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University of Otago commended for changes

7 December 2006

University of Otago commended for changes

The University of Otago has been commended by an independent audit team for the collegiality and strength of communication between the University community and senior management.

As part of a three-year programme assessing each of New Zealand’s eight Universities, the New Zealand Universities Academic Audit team spent five days at the Otago’s Dunedin and Christchurch campuses in July, speaking to about 200 people, including external stakeholders.

The audit team commented specifically on the job being performed by Vice-Chancellor Professor David Skegg: “Changes to the senior management team have brought new approaches to strategic processes and the University is commended for the increasing collegiality and the reported strength of communication and relations between the University community and the senior executive.”

Leading on from this, the University was commended for the inclusive nature of consultation around the development of the University’s Strategic Direction to 2012 document, the strength and depth of relationships between Dunedin city and the University, and progress made in responding to Treaty of Waitangi commitments.

It also commented on the University’s strong reputation for high-quality education, as well as the processes that are in place to assure this quality, its student facilities, including the Information Services Building, and the “lively and distinctive campus life”.

Deputy Vice-Chancellor (Academic and International) Professor Gareth Jones says the auditor’s feedback is positive and endorses the work of many people across the University.

“To receive that independent feedback and positive benchmarking is satisfying. It reassures us that we are indeed focusing energy on the areas critical to the University’s ongoing success.”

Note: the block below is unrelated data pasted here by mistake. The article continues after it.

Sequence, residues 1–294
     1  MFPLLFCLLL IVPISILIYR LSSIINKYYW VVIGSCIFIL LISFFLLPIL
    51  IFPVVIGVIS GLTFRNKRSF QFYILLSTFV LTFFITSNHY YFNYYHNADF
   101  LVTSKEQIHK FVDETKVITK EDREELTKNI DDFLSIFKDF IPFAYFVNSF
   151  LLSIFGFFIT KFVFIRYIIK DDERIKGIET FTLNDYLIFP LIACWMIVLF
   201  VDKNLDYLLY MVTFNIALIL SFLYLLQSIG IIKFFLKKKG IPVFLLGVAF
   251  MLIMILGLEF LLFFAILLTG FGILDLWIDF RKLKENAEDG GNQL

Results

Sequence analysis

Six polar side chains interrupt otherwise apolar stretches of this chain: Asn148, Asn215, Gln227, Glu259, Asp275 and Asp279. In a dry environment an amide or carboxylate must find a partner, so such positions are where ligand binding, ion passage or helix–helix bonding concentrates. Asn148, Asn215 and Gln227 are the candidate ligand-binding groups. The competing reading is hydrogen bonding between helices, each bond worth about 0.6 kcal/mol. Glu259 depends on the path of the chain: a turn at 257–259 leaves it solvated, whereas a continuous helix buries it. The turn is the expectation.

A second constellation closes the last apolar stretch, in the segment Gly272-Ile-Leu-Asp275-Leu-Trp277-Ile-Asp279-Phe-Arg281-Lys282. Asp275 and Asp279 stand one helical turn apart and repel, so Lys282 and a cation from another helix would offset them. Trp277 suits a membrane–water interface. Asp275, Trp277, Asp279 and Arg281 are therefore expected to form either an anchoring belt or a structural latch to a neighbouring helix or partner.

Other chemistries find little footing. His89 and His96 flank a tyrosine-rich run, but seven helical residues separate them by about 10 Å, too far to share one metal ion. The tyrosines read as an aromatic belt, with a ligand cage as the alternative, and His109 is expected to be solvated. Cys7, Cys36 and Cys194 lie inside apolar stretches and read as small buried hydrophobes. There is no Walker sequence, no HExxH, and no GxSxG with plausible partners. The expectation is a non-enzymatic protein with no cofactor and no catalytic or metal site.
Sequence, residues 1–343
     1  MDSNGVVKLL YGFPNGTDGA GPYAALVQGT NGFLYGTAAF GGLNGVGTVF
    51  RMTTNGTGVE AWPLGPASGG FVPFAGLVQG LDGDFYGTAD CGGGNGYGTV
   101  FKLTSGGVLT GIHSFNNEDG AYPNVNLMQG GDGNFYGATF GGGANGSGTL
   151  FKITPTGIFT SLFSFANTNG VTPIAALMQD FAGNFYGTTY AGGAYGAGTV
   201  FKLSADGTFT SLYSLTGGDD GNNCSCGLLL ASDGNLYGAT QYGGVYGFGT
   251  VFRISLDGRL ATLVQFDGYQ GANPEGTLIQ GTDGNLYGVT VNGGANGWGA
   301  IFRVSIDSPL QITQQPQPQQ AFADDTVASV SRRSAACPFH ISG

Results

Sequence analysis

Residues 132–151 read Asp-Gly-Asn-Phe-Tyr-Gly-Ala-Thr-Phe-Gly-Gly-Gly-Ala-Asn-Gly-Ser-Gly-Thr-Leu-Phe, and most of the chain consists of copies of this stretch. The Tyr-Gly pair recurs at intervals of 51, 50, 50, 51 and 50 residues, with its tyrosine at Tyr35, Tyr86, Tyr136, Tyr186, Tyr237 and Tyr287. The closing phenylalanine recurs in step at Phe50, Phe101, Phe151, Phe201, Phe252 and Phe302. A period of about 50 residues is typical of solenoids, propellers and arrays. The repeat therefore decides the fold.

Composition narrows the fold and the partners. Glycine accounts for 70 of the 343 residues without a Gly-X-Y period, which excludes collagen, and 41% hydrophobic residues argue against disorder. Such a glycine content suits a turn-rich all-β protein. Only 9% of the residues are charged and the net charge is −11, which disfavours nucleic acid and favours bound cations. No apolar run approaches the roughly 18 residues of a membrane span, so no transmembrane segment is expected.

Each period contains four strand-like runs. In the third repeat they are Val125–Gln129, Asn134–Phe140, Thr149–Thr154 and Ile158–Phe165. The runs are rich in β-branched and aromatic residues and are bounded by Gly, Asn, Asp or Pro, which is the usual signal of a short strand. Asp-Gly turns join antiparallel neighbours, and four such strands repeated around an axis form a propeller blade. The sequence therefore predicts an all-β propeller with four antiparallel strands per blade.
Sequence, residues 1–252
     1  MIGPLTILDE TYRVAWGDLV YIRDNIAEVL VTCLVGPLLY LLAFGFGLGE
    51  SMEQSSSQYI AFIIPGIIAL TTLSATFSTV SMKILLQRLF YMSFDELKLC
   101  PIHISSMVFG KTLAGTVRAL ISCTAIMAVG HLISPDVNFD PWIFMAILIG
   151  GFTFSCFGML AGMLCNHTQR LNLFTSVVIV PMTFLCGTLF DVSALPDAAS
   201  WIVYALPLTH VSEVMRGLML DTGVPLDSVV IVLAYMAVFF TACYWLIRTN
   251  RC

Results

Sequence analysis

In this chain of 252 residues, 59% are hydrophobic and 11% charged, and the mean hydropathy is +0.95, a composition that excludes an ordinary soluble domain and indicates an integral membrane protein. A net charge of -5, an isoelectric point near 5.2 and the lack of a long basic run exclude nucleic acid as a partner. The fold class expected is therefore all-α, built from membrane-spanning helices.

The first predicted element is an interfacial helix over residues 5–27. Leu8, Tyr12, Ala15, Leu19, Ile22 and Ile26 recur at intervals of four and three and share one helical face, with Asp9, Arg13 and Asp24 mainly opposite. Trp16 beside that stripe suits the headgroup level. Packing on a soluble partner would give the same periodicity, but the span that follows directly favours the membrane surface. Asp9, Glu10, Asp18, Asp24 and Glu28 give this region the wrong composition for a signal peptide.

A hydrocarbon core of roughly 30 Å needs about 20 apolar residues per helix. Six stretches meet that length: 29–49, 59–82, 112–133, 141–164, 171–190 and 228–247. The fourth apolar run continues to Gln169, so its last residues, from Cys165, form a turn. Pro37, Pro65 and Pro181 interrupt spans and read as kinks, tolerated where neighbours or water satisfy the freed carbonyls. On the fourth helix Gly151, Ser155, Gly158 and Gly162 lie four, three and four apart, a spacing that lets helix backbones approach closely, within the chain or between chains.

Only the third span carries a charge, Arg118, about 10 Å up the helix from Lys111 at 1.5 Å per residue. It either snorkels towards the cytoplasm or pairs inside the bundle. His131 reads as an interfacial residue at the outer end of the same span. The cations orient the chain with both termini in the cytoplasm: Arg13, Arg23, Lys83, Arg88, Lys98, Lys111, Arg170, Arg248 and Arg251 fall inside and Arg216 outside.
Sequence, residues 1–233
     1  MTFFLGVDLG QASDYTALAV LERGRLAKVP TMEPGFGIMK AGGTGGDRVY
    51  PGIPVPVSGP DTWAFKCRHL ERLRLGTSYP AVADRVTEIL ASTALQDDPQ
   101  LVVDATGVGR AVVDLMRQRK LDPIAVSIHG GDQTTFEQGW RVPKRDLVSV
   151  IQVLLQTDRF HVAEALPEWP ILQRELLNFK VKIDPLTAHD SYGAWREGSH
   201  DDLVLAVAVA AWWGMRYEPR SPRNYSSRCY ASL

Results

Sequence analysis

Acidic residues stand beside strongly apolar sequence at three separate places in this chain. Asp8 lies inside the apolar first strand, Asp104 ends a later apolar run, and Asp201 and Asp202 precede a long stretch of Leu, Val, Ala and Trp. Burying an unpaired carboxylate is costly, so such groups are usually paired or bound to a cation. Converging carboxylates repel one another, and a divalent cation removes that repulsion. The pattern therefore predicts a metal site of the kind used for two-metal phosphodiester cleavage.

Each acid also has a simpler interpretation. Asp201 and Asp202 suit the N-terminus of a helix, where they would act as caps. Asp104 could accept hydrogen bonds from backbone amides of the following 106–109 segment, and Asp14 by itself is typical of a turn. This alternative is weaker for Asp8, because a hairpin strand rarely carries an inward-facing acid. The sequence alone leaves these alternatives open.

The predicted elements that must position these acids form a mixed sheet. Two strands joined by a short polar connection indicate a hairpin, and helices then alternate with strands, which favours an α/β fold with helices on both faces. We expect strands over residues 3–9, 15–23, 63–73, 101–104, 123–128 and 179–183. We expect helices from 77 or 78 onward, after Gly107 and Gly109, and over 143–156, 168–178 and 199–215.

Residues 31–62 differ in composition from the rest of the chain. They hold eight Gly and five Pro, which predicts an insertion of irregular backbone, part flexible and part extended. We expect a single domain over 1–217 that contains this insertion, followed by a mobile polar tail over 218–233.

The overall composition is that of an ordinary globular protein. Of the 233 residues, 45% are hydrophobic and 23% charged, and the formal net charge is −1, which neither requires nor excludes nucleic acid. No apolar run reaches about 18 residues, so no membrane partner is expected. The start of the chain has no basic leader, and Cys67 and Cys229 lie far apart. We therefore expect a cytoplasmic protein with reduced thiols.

Professor Jones says the team did note some areas for improvement, including report-back and monitoring mechanisms where the implementation of policies has been devolved to divisions and departments, undertaking strategic benchmarking and the training of research supervisors.

“These are areas where we are working on making meaningful change. The Unit offered some useful and appropriate recommendations which would streamline the processes around these activities and we are working our way through these recommendations now.”



o The New Zealand Universities Academic Audit Unit was established in 1993 to consider and review New Zealand universities’ mechanisms for monitoring and enhancing the academic quality and standards necessary for achieving their stated aims and objectives; and to comment on the extent to which procedures in place are applied effectively and reflect good practice in maintaining quality.

o Cycle 1 academic audits were conducted during the period 1995-1998 and were full institutional audits of the then seven universities.

o Cycle 2 academic audits were conducted during the period 2000-2001. They focused on research policy and management, the research-teaching nexus and the support of postgraduate students

o Cycle 3 academic audits are focused on teaching quality, programme delivery and the achievement of learning outcomes. They are being conducted over the period 2003-2006.


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